Google+ experiences some growing pains
Since its debut in late June, Google+ has captured much of the tech world’s online conversation.
The chatter is generally positive, with tech bloggers cheering Google’s new social network as a cleaner and more robust alternative to Facebook. But there have been some bumps on the road.
Over the weekend, Google admitted to inadvertently “spamming” some Google+ users with notification e-mails — the messages the company sends out if another user adds you to their “circles” of contacts on the site or comments on one of your posts.
Instead of sending those notes out only once, as intended, Google+ sent them “over and over again,” Most Google+ users seemed quick to forgive the slip-up and chalk it up to growing pains.
Google+ offered this explanation “For about 80 minutes we ran out of disk space on the service that keeps track of notifications. Hence our system continued to try sending notifications. Over and over again. Yikes, we didn’t expect to hit these high thresholds so quickly, but we should have.”
It’s unclear exactly how many people have joined Google+, and the service undoubtedly has far, far fewer users than Facebook, which leads the field with 750 million users. The fact that the Google+ community is still relatively small is no surprise for two reasons: First, the site is so new; and second, it still isn’t public, meaning you have to get a personal invitation in order to sign up — at least for now.
Current Google+ users have been pointing out features of other social networks that either don’t exist on Google+ or aren’t easy to use.
One is the idea of “institution pages,” which, on Facebook and Twitter, let companies put out info about new products, news stories and such. There’s no such feature to date on Google’s new social network, although Google has said that it’s working on adding this.
Another is celebrity verification. On Twitter, for example, if you go to Lady Gaga or Justin Bieber’s profile page, there’s a little “verified account” badge next to the name, which is a signal to visitors that it’s actually the account of a celebrity. On Google+, it’s unclear if accounts are real or fake.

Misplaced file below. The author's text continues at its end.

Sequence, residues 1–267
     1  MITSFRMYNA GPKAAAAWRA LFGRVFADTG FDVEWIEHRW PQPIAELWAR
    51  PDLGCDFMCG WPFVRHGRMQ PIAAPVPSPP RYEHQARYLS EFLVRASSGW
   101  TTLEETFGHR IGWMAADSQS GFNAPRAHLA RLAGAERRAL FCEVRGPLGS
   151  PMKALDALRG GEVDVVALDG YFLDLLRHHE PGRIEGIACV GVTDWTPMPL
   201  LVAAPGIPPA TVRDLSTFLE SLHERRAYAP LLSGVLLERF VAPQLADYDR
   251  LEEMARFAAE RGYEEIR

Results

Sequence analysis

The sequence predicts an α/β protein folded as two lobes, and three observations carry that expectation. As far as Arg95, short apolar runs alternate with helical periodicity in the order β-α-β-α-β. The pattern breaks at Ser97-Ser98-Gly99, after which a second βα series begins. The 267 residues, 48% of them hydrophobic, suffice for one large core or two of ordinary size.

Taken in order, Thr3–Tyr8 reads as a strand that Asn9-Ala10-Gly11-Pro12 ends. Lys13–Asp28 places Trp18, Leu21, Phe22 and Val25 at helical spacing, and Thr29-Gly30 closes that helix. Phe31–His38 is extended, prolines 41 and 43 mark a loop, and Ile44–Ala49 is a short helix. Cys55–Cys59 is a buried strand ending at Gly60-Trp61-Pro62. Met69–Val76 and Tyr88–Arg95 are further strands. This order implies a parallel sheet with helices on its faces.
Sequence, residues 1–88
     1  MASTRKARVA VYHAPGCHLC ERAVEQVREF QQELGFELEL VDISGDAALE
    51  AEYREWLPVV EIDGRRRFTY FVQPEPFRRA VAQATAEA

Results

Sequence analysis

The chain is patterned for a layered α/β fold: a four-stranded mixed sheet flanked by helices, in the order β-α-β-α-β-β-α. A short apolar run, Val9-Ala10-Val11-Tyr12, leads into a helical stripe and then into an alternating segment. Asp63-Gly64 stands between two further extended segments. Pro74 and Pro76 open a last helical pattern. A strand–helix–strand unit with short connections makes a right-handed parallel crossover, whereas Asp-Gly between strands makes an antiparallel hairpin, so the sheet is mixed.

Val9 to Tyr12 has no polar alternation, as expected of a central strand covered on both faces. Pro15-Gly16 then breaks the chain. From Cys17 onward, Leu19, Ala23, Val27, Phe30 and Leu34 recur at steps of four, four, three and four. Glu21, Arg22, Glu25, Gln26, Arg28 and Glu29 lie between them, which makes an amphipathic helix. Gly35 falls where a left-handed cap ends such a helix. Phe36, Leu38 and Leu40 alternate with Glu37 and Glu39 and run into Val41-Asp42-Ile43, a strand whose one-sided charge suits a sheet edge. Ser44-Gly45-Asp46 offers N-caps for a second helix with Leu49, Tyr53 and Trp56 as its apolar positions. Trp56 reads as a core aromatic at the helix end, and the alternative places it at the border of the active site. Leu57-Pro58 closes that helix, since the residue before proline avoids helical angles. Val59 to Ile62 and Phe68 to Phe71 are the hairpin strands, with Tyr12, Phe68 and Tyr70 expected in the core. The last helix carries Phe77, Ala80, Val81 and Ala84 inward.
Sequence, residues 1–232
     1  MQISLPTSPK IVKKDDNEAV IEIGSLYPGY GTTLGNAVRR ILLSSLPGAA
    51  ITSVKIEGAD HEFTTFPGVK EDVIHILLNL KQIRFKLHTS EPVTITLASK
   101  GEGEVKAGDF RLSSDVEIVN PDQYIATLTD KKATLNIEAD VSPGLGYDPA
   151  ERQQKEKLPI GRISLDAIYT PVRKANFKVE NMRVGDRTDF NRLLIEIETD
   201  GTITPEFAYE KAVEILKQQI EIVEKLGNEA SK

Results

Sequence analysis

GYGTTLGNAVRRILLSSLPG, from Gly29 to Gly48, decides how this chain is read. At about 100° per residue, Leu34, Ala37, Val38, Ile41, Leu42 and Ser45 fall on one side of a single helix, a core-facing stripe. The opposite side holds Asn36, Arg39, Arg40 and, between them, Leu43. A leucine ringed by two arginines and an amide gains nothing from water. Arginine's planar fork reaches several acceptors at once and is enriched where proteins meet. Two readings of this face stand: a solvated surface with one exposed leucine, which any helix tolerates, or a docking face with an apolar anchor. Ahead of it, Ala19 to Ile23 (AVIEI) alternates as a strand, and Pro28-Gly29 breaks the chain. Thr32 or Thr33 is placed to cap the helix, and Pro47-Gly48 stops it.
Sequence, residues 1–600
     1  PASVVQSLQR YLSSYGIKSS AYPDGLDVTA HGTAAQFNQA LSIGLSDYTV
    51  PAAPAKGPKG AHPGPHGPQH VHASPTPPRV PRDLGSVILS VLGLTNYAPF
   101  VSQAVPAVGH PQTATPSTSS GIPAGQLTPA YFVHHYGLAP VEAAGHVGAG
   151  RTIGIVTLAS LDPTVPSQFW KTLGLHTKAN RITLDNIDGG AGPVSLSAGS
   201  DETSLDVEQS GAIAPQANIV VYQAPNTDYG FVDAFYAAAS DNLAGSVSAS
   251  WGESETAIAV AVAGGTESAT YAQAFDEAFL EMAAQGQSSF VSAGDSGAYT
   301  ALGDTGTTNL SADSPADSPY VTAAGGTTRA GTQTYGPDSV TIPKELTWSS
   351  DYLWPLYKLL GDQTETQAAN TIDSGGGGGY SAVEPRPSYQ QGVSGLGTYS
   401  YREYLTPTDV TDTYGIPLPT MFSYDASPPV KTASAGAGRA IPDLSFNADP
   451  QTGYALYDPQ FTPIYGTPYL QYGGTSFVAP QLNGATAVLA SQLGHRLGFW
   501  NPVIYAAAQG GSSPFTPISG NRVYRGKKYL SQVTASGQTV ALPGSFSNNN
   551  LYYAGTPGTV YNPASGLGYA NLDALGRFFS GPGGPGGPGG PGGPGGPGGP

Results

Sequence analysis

Facebook CEO Mark Zuckerberg’s Google+ page stirred up news on the blogosphere because it’s interesting that the leader of a competing social network would join this new service, and because it was unclear if his page was real. Blogger Robert Scoble cleared this up in a text message conversation with Zuckerberg, who said that this was indeed his Google+ account.
Similar authenticity issues have popped up with the Google+ pages of Kanye West, Nancy Pelosi and Michael Dell, among others.
Facebook is not resting on its laurels, announcing last Wednesday it will add Skype video chat to its pages, aiming to spice up the appeal of the world’s No. 1 Internet social networking service while fending off increased competition from Google.
By incorporating free video chat directly into its service, Facebook will give its members another reason to use the site more often and for longer periods of time. Facebook’s Skype service, initially limited to one-to-one video chat, will be free.
The agreement, announced by Facebook Chief Executive Mark Zuckerberg on Wednesday, deepens the company’s cooperation with Microsoft which is in the process of buying Skype to build up its web presence.
Zuckerberg said Facebook has surpassed a record 750 million users. The new service, rolling out from Wednesday July 6th, could also be a huge boost for Skype, which currently has about 145 million regular users.